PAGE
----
Additional Benchmark Dose Software (BMDS) Resources
- BMDS Quick Start Guide - a fast, hands-on introduction to using BMDS and the BMDS WizardExit. The Quick Start Guide's goals are to:
- Walk a new user through exercises that teach the mechanics of loading data into the programs.
- Specify options or parameters for a modeling run.
- Run the models.
- View and assess the results.
- BMDS online training - videos with information on BMDS foundation topics and concepts, drawing primarily from the Benchmark Dose Technical Guidance referenced below.
- BMDS User Manual - contains deeper and more technical reference information on BMDS concepts, models, user interface, etc. The BMDS User Manual is a PDF version of the BMDS online help included as part of the BMDS installation. You can find it in the BMDS application folder.
- The Benchmark Dose Technical Guidance page provides a link to the guidance document that addresses the following topics:
- Computing the benchmark dose (BMDBMDAn exposure due to a dose of a substance associated with a specified low incidence of risk, generally in the range of 1% to 10%, of a health effect; or the dose associated with a specified measure or change of a biological effect.), benchmark concentration, and confidence limits.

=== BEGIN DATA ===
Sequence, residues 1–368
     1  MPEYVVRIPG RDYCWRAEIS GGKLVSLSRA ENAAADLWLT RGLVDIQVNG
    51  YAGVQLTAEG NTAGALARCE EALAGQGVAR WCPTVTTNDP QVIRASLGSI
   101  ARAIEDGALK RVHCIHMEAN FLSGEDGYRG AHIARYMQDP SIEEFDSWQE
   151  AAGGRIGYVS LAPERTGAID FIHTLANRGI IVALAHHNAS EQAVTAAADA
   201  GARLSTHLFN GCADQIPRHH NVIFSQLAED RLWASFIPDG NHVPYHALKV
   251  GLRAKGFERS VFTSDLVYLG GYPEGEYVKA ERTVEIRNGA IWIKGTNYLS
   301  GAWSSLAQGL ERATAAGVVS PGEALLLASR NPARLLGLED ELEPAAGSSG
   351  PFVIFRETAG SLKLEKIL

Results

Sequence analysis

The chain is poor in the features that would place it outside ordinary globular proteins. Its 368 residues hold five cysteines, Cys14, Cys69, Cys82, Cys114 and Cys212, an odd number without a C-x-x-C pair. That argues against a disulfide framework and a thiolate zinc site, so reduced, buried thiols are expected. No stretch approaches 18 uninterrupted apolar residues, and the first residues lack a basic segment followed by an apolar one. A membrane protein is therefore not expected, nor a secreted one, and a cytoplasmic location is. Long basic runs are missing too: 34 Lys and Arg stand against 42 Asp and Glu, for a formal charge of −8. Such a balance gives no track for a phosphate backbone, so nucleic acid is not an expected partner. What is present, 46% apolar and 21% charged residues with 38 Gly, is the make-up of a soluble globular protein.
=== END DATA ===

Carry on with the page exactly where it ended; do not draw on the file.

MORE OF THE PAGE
- Data requirements.
- Dose-response analysis.
- Recommendations for reporting the results.
- Create an e-Ticket requesting specific help on BMDS.
- Additional resources are the Microsoft Excel-based BMDS WizardExit and DRAGONExit software products developed by ICF International. The BMDS Wizard simplifies BMD modeling by providing a structured interface to maintain all inputs, outputs, and decisions made in the BMD modeling process. DRAGON facilitates managing a large database of experimental study information, including study selection, endpoint selection, dosimetry conversions, and BMD modeling results. The BMDS Wizard (and its PDF-based user reference guide) is included as part of the BMDS install package. The BMDS Quick Start Guide includes hands-on basic instruction for using the BMDS Wizard.
Another resource for dose-response modeling is the PROASTExit software developed by the Netherlands' National Institute for Public Health and the Environment (RIVM). PROAST requires R or S-plus to run, but has some advantages over BMDS, including the ability to include covariatescovariateAn independent variable other than dose that may influence the outcome of an effect, e.g., age, body weight, or polymorphism. in an analysis. The USEPA and RIVM are working together to achieve consistency between the BMDS and PROAST software packages.